Over the past 15 years, I have had the opportunity to travel in over 30 countries, meet thousands of people and train hundreds of thousands of people. My favorite part of these adventures has been building, and studying, community building.

I share this opinion with Seth Godin -- that forming and cultivating a big tribe is the secret to prospering in business in the future. The results, for an entrepreneur who builds a big community, can best be summed up in Ken Blanchard's best-selling Raving Fans. In the book, Blanchard does an amazing job on illustrating how to turn customers into Raving fans, but he is really validating Godin's teaching around tribe-building. A tribe is a large group of Raving Fans.

Related: How Famed Entrepreneur Seth Godin Built His Tribe

In the past, I have witnessed many major tribes in their creation and coming of age. I have seen the resulting sales and successes of those tribe masters. I have also seen people who have attempted to build communities with the idea of profiting from those tribes -- and those people have failed miserably.

In my studies, I have come up with a couple of thoughts that I will lightly call secrets, as it is clear that many many people out there don't get it. If you are are considering starting a new company, creating a new cause or just want to get a massive group of people to follow you for one reason or another, then take a second to consider these points:

1. Have a real reason.

People can smell a faker miles away. I have watched many fakers start campaigns that, at the onset, really seemed to be genuine, and I was starting to get excited, but then I quickly realized that these self-reported leaders were not actually being true to their word or did not actually support their own mission. If you try to start a tribe just to profit, it will fail. Make sure that whatever the reason for your community building attempt, let it be real.

Take, for example, Orrin Woodward, the founder of a company called Life Leadership. His goal in life is to help people lead better lives, in every aspect of life. His community is hundreds of thousands of people, and they regularly meet three to four times a year in stadiums with 30,000 to 40,000 attendees. This massive community exists, because Woodward, and his partners, truly do want to help people live better lives. Woodward regularly turns down lucrative opportunities to monetize his community, as he feels that it would contradict the entire reason the community exists. If your reason is ever found not to be genuine, it will surely fail.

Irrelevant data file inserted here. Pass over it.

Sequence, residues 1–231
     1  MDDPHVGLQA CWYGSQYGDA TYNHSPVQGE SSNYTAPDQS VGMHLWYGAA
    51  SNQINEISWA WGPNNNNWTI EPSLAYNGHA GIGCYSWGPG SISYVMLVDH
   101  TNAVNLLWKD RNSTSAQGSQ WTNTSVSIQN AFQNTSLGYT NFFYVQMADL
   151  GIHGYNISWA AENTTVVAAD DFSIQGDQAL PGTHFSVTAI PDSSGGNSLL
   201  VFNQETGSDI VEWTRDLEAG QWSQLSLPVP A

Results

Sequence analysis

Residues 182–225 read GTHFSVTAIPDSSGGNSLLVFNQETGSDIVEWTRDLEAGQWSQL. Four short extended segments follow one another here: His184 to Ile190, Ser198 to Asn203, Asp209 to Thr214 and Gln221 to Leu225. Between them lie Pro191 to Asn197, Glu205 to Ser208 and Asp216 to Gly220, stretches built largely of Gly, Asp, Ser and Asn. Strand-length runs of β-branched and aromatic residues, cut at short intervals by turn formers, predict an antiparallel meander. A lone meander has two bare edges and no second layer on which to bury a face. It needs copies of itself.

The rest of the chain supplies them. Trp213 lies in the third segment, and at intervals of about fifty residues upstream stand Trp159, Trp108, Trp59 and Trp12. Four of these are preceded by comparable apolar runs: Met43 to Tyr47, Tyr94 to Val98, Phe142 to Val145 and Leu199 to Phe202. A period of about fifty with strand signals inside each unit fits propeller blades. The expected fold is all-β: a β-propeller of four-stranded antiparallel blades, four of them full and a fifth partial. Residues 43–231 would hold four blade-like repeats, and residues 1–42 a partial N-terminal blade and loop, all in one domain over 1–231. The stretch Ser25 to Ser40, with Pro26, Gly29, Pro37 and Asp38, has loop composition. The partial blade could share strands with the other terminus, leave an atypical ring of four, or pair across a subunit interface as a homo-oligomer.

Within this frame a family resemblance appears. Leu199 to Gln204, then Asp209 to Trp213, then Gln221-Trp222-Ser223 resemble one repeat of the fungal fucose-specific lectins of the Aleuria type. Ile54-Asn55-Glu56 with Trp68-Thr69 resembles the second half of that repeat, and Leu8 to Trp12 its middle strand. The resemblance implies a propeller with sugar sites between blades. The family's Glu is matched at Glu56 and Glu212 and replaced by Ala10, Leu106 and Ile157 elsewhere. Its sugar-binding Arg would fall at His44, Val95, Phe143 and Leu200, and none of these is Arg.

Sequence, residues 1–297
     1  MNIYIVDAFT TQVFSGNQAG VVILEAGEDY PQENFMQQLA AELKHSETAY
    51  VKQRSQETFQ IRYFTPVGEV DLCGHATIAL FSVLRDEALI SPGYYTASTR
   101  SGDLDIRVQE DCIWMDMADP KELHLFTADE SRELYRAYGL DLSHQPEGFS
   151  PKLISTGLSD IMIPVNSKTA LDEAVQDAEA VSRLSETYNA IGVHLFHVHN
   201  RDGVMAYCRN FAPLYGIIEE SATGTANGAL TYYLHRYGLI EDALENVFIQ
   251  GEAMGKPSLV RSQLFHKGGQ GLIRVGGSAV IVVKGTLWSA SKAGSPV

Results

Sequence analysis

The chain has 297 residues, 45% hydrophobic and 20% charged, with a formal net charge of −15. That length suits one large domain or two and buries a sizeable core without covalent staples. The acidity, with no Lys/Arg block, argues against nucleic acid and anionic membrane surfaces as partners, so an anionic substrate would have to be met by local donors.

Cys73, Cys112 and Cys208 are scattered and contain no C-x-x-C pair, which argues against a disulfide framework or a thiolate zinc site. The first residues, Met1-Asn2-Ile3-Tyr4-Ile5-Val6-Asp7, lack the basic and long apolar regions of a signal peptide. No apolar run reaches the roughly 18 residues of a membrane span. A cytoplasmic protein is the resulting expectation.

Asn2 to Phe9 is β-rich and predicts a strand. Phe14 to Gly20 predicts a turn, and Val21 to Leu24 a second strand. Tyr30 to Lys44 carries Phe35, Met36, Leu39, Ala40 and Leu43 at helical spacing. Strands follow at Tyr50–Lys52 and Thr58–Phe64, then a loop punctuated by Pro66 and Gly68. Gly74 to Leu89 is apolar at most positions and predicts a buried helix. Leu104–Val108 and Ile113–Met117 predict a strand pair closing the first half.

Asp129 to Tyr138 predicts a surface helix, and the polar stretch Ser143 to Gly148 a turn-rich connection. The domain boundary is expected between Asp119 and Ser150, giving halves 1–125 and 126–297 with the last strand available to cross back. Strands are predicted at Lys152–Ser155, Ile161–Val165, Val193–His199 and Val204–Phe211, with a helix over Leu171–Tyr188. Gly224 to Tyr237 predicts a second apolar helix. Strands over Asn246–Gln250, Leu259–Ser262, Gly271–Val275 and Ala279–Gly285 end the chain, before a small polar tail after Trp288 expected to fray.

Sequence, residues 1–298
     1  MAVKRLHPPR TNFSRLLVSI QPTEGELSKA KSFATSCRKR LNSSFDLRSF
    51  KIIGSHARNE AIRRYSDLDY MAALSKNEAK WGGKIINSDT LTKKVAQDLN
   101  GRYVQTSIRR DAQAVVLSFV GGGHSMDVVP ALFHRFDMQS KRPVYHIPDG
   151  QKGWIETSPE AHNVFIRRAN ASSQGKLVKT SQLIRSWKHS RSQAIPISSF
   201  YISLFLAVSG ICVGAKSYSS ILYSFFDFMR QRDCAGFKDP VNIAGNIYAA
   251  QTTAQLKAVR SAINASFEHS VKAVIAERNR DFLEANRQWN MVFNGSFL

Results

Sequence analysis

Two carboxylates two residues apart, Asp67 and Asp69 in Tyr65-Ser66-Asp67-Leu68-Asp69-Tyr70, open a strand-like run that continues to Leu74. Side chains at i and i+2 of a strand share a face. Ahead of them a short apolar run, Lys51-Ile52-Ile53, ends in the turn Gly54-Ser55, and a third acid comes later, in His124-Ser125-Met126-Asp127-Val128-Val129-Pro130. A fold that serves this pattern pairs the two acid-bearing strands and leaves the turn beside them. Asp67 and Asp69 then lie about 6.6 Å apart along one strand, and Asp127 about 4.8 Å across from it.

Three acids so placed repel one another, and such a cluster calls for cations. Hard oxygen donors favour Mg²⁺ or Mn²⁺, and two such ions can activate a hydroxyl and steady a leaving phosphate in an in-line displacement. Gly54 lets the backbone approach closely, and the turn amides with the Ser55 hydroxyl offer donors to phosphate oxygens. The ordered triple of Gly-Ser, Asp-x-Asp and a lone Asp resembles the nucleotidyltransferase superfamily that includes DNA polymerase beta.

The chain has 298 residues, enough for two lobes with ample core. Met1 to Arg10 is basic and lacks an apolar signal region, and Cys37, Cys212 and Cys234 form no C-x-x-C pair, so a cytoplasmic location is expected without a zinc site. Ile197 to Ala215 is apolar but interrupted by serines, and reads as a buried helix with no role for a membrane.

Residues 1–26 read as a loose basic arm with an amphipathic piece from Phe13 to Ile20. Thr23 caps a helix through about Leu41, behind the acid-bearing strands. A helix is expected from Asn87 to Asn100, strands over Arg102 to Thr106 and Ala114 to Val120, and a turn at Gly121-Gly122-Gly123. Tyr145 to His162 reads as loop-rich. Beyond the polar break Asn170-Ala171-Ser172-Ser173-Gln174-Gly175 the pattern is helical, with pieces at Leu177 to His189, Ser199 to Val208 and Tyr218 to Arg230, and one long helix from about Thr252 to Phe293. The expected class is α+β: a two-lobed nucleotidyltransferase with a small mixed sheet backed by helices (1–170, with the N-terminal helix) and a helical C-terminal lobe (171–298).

2. Have a cause that appeals to people. 

You can't expect people to want to be part of a large tribe if they have no personal interest in the cause that the tribe supports. If your personal reason / cause is very specific or abstract, then don't expect a big following, and don't get upset with people if they don't want to be a part of it. 

I have a personal deep love for books and invested my entire life in building a platform for people who love books or write books called Reader's Legacy. In an early staff meeting, when we first decided to start this project, I explained to the team that we wanted to build our tribe, because we truly believed that the world of books was falling behind the overall virtualization that publishing and other industries were going through. 

We wanted to build a community that would help to change the way people write, read and experience books. I explained to my team that we could not be worried about people that didn't want to join our community, but rather to focus on giving our tribe members the experience that they were depending on us to have.

Related: Social Enterprises Can Raise Serious Funding, If the Product Is Great

3. Every tribe / community needs a leader or leaders.

As I travel the world, I regularly talk about leadership and life. I've been asked, from time to time, what my definition of leader is. I quickly reply that I believe the definition of leader can be summed up in one word: example. If you really want to build a big tribe, then understand this now. Tribes follow leaders! You will have to become a bigger leader. The bigger the leader, the bigger the community. Again, you cannot fake this. As the leader, you must constantly work on yourself. Physically, mentally, socially and spiritually. Read great books, find great mentors and constantly try to become better.

Also, you must understand that it is very helpful to position yourself as an expert in that space. You need to be a real expert. You need to know everything that there is to know about your business or industry. In Mark Benioff's book Behind The Cloud, he explains how he build Salesforce.com to a billion-dollar company. In the third chapter, he explains how positioning himself as an expert on all things related to the Cloud and his industry landed him on regular TV interviews and made more people aware of him, his cause and his community. Follow this advice.

4. Give them a place to hang out.

Woodward does conventions, I have a website for readers and Benioff holds conventions and does social for his raving fans. It seems that one of the most important parts of tribe-building is giving your raving fans a place to call home. Godin explains that people in a community need a place to hang out. Give it to them.

If you follow these secrets, you will inevitably have success in building your tribe. The only thing you should remember is that it takes time. Don't rush it. A dedicated focus and commitment with these secrets will always work.

Related: The Mind-Body Practices of 5 Mega-Successful Entrepreneurs